John Falconer, British Library
A Biographical Dictionary of 19th Century Photographers in South and South-East Asia
Commercial, Singapore and Malaysia
The Danish-born Feilberg entered into partnership with August Sachtler with a studio in High Street, Singapore in July 1864; he then moved to Penang in partnership with Hermann Sachtler in the firm of Sachtler and Feilberg, Beach Street, Penang, 1865-7; thereafter he maintained an independent business in Beach Street. Published Views from Deli and the Batak Country (Medan, 1871). By 1879 his studio had transferred to Penang Road. By the late 1880s he had returned to Singapore, working as an assistant to George S. Michael and then as photographer with the Singapore Photographic Company from 1889-91. From about 1892 until he left Singapore in about 1901 he worked for Moses and Co. at the Standard Photographic Studio in Orchard Road. Feilberg exhibited views of Penang and Ceylon (Sri Lanka) at the Paris International Exhibition of 1867, and in about 1868 made a 10-part panoramic view of Penang from the tower in Light Street. The illustrations accompanying an article in The Illustrated London News (5 February 1870) about the Duke of Edinburgh's visit to Penang were based on photographs by Feilberg.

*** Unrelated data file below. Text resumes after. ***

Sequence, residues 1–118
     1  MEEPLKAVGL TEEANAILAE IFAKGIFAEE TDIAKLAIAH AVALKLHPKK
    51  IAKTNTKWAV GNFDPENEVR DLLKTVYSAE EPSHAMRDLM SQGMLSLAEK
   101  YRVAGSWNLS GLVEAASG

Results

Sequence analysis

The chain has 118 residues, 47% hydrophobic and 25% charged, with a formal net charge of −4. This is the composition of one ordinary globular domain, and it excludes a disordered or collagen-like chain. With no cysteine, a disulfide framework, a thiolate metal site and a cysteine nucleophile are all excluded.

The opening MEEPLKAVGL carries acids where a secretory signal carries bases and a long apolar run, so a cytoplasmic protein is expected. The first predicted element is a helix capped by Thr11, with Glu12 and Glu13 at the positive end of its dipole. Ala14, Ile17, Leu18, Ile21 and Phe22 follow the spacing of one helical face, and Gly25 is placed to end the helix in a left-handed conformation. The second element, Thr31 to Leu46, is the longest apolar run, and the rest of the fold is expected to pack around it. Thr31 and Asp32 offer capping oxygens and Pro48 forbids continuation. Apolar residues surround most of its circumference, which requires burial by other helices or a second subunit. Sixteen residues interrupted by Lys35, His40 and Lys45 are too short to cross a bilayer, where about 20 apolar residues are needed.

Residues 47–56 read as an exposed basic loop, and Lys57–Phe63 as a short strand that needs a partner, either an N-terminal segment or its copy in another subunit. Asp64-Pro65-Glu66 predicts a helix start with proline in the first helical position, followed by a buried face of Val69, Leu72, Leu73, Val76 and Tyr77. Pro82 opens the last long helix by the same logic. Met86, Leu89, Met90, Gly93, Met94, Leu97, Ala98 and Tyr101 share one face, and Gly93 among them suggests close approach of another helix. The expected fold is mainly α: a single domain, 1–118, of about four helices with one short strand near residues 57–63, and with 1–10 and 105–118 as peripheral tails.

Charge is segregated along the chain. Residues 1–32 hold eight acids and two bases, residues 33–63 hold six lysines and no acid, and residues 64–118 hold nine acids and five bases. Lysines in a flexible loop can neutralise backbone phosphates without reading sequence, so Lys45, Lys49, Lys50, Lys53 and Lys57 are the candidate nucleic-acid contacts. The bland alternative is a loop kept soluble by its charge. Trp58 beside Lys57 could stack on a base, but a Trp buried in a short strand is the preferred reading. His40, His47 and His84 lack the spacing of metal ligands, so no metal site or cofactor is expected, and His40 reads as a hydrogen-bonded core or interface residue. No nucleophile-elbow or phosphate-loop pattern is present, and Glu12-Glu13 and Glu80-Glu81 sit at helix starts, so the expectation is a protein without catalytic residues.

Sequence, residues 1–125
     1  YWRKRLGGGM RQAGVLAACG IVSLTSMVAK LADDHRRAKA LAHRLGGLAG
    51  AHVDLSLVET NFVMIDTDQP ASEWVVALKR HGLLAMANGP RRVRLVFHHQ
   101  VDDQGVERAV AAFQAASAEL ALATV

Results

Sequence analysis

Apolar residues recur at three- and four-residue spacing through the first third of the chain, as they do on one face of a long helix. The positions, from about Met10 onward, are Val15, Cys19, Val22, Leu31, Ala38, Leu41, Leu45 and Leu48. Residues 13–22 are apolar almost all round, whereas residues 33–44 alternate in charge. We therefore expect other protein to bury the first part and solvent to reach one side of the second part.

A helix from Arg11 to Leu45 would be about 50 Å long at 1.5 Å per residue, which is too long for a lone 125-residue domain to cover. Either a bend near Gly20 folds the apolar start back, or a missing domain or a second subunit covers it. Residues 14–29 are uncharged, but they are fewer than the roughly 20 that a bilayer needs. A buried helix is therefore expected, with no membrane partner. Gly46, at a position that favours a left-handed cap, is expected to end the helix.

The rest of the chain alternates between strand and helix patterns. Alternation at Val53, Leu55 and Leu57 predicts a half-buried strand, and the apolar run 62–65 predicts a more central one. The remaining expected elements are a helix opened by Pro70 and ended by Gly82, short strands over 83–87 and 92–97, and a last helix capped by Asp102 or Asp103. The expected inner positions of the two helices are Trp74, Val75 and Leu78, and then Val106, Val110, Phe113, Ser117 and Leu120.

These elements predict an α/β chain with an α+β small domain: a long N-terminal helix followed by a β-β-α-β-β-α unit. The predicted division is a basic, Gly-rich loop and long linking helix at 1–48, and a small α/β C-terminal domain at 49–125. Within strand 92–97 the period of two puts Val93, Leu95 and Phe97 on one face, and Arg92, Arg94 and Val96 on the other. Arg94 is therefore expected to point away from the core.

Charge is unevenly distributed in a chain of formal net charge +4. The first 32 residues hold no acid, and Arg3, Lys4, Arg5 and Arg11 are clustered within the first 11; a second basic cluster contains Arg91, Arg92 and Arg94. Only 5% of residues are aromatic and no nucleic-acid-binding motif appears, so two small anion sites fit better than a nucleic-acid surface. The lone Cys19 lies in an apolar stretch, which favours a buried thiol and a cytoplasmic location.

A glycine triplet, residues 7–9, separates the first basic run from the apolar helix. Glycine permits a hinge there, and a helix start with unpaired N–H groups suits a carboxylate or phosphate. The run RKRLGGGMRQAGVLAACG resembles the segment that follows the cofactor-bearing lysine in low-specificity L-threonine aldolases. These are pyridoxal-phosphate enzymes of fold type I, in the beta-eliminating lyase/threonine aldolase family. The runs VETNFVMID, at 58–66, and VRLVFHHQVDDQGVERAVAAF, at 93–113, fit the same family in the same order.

OUR BEAUTIFUL ISLAND. - A visit to Mr K. Feilberg’s studio in Beach Street [Penang] would amply repay a lover of the Fine Arts. There is there to be seen a panoramic view of the island of Penang consisting of ten photographs, beautifully and artistically executed by Mr Feilberg. They were taken from the tower of ‘folly’ as it is called, in Light Street, lately purchased by Mr Kaw Sin Tat. The views include the town from along the seashore from Fort Cornwallis as far as the Church of the Assumption, and what gives an additional interest to the pictures is the fact, that when they were being taken, the first P. and O. Steamer Malacca, was laying in the harbour, (under the renewed postal contract) and the Fort Flag Staff was gaily decorated with all national flags in honor of the event. It is to be hoped that Mr Feilberg will make a good thing of his views, and that he will receive no end of orders for them, which are pretty presents to distant friends and doubtless would be welcomed by them as souvenirs of the island ... 
- Λ Penang Argus, 8 Oct 1868.